One Album Wonders: The Tears' Here Come the Tears

Posted by Eric Brightwell, September 22, 2014 01:41pm | Post a Comment
Here is an additional edition of my series of great, mostly obscure, one album wonders. In the album era (roughly the mid-1960s until the mid-2000s), the album was the dominant format of recorded music expression and consumption. It seems that most musicians from that era, if able to scrape together the funds for the recording of one studio album, generally returned with at least one more.  Some, like Sun Ra, somehow released more albums than I've had hot dinners. Even most excellent bands, in my opinion, would have done well to find something other to do with their time rather than keep making records after their fifth album or twelfth year (although there is the Go-Betweens Exception). The following acts mostly date fromthe Golden Age of the LP -- and yet were unable or unwilling, in all cases, to record more than one. 


The Tears - Here Come the Tears

Without question, Suede were one of the few real highlights of 1990s British rock. The ice cold glam rock revivalists arrived on a wave of hype somehow fully and masterfully formed and proceeded to deliver one of the best debuts in rock history. Then, before even completing their uneven follow-up, their star guitarist, Bernard Butler, exit stage left. 

Suede soldiered on -- hiring not one but two young guys to fill Butler's enormous shoes. Butler -- widely viewed as the greatest rock guitarist since John Squire or Johnny Marr -- embarked on a less-than-interesting solo career before creating much better music as one half of McAlmont & Butler and as a producer for the UK's last great rock band, The Libertines

When Suede disbanded in 2003 it was hardly the big news that Butler's departure had been a decade earlier. Given the acrimony of Butler's departure, when news emerged that he and Suede's singer, Brett Anderson, were working together, expectations were cautiously high. The two, joined by Makoto SakamotoNathan Fisher, and Will Foster of DelicatessenJaques, and Lodger) returned as The Tears in 2004 and released Here Come the Tears, in 2005.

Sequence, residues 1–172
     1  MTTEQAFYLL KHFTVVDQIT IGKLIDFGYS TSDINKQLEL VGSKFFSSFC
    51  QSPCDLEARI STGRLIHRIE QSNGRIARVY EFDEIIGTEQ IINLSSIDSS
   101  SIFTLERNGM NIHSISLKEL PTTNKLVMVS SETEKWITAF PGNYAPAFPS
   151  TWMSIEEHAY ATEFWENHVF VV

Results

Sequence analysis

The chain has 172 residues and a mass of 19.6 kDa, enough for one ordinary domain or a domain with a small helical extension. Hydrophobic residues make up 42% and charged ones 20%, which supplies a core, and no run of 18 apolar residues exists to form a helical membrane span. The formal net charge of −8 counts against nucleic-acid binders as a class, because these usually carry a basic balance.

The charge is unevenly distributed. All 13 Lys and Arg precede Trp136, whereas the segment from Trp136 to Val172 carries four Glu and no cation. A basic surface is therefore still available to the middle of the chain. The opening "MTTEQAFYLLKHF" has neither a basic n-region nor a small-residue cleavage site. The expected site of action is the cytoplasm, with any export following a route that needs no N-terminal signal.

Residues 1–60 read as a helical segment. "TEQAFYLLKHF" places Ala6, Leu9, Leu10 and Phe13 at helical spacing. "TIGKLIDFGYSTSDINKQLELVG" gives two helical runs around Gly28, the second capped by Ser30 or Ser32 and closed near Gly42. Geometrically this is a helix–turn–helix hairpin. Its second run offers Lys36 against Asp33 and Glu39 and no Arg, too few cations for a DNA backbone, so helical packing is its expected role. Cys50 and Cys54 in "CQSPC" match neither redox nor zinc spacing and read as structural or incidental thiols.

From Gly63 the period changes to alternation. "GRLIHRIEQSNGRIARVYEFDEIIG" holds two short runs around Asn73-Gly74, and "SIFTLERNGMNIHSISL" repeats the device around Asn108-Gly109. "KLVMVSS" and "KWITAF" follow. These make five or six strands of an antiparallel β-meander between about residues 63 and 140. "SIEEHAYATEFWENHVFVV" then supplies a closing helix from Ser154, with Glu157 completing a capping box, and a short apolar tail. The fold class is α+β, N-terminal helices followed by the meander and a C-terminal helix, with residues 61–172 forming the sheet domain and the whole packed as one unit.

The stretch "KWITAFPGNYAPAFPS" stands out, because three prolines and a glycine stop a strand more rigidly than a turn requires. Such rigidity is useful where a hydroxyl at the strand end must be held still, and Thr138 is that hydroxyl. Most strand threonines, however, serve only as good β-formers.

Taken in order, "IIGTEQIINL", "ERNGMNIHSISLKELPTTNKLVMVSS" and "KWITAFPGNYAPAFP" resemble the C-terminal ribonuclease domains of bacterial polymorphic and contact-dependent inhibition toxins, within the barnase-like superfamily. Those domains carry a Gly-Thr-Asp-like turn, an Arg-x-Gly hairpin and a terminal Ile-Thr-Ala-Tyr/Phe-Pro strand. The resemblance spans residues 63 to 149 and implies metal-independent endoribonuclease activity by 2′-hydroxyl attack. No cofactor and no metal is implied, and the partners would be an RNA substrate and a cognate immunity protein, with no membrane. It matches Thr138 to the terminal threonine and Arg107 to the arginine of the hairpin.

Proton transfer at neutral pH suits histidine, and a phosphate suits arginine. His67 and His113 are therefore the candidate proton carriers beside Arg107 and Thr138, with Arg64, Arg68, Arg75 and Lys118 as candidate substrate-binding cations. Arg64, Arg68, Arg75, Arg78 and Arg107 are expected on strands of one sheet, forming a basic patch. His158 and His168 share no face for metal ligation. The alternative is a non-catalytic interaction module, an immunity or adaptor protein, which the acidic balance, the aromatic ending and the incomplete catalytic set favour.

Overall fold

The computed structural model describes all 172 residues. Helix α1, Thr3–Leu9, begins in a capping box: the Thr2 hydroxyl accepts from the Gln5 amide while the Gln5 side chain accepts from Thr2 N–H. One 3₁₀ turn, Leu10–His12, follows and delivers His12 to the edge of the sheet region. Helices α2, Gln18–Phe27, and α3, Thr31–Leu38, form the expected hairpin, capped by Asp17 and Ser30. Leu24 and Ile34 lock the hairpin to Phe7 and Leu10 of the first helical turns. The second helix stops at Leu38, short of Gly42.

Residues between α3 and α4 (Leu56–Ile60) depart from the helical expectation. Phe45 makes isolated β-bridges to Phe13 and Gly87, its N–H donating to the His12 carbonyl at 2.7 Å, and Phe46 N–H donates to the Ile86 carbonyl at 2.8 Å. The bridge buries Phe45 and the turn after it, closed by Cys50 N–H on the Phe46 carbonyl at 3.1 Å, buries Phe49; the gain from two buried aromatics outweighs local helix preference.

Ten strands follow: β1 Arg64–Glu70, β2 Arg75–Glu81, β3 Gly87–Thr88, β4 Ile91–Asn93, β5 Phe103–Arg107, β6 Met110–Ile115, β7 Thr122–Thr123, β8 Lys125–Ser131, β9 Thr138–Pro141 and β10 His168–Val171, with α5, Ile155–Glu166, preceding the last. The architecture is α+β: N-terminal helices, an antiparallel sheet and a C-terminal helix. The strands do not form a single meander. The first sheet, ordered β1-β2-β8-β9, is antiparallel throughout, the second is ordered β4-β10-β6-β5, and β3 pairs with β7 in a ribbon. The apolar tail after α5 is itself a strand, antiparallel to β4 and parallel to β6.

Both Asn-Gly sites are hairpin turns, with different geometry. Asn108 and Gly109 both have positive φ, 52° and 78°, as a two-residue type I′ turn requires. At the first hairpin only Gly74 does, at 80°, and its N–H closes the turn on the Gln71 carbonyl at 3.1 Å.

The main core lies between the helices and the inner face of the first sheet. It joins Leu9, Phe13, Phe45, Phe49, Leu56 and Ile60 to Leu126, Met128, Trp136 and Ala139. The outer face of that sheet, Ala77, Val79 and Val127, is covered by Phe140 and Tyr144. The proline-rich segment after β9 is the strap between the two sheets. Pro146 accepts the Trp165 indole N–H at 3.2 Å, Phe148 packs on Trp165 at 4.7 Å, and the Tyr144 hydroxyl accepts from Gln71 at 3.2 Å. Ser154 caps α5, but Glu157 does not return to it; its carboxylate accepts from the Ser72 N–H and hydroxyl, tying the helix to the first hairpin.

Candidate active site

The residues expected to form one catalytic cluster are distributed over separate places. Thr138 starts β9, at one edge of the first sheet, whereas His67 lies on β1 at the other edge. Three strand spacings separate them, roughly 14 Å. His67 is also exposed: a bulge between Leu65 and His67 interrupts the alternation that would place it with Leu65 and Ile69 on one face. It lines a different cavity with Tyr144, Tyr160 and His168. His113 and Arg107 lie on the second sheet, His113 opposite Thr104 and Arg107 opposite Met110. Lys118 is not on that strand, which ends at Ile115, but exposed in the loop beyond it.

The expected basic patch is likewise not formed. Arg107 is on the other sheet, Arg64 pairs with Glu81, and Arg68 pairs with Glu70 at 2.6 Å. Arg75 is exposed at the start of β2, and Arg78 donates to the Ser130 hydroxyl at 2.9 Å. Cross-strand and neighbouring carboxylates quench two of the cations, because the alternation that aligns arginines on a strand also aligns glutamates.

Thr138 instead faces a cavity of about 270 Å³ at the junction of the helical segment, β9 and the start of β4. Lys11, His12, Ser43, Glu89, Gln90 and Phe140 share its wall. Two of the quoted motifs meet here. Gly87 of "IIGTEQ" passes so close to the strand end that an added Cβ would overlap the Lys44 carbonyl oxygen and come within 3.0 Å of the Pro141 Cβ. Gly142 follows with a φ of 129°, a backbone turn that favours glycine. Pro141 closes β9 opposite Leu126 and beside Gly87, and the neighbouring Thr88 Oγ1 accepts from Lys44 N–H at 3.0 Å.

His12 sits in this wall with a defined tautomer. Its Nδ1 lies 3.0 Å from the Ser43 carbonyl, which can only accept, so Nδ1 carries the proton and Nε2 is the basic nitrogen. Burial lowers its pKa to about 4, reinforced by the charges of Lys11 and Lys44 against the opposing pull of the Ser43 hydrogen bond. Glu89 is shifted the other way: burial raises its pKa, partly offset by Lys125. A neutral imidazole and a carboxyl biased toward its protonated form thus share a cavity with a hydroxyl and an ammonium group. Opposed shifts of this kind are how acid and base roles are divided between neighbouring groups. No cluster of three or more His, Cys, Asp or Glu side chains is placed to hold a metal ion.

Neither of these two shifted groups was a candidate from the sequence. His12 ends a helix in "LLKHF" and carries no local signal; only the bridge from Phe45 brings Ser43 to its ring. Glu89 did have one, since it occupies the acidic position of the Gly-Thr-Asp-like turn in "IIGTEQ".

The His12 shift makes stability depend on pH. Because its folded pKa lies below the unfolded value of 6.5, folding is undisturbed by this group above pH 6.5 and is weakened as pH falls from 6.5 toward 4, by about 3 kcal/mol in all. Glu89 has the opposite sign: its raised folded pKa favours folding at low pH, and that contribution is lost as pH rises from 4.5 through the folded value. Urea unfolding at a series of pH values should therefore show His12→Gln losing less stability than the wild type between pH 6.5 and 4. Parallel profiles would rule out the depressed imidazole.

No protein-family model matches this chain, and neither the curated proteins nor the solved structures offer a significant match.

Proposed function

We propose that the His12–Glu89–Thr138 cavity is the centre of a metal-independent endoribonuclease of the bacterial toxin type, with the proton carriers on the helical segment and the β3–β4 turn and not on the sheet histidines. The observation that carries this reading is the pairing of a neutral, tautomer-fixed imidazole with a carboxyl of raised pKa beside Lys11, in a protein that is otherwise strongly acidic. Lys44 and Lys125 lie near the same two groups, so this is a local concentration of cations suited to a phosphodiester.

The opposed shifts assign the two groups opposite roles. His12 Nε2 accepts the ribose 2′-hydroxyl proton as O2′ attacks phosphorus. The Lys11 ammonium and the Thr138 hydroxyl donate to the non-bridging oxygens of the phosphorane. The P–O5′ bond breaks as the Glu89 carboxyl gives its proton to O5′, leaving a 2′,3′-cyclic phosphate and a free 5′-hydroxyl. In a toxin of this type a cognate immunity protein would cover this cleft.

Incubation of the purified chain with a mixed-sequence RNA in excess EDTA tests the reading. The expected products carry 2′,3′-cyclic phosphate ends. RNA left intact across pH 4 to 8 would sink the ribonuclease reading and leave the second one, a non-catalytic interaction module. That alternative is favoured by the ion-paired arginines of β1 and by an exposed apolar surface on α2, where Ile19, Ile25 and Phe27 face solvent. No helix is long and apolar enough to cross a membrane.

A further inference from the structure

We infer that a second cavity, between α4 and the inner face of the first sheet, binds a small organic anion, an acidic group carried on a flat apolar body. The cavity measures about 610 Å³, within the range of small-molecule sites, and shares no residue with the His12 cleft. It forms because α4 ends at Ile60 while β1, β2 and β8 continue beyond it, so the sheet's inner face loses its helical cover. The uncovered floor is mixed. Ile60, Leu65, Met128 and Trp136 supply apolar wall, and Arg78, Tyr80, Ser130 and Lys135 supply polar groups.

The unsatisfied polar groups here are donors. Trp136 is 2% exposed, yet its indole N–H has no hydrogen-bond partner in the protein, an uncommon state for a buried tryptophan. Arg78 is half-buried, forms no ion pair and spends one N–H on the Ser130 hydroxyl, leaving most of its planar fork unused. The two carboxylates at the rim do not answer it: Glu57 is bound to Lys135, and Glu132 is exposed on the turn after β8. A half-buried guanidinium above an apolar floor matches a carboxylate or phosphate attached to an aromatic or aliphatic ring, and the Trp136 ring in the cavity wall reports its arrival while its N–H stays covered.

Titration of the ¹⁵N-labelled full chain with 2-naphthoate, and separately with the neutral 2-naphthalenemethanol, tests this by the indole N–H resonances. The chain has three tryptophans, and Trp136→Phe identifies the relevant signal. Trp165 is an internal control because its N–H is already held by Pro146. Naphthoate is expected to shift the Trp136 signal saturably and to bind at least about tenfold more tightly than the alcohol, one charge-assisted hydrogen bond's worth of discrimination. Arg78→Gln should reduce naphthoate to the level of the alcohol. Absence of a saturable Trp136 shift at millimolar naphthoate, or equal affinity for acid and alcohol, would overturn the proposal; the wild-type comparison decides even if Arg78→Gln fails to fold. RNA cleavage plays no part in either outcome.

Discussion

There's nothing earth shattering on The Tears' debut and there's nothing within that wouldn't fit nicely on any Suede album but if their intention was just to create a strong set of songs and finish some unfinished business then they succeeded (although I can't understand why they didn't release the best song, "Co-Star,"as a single). Unfortunately, The Tears dried up almost as quickly as they'd begun, in 2006. Afterward Butler returned his focus to production and Anderson embarked on a solo career before reforming Suede, again (without Butler) in 2013.

Eric Brightwell is an adventurer, essayist, rambler, explorer, cartographer, and guerrilla gardener who is always seeking paid writing, speaking, traveling, and art opportunities. He is not interested in generating advertorials, cranking out clickbait, or laboring away in a listicle mill “for exposure.”
Brightwell has written for Angels Walk LAAmoeblogBoom: A Journal of CaliforniadiaCRITICSHidden Los Angeles, and KCET Departures. His art has been featured by the American Institute of Architects, the Architecture & Design Museum, the Craft ContemporaryForm Follows FunctionLos Angeles County Store, the book SidewalkingSkid Row Housing Trust, and 1650 Gallery. Brightwell has been featured as subject in The Los Angeles TimesHuffington PostLos Angeles MagazineLAistCurbedLAEastsider LABoing BoingLos Angeles, I’m Yours, and on Notebook on Cities and Culture. He has been a guest speaker on KCRWWhich Way, LA?, at Emerson College, and the University of Southern California.
Brightwell is currently writing a book about Los Angeles and you can follow him on AmebaDuolingoFacebookGoodreadsInstagramMubiand Twitter.

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Suede (8), Bernard Butler (1), Brett Anderson (1), The Tears (1)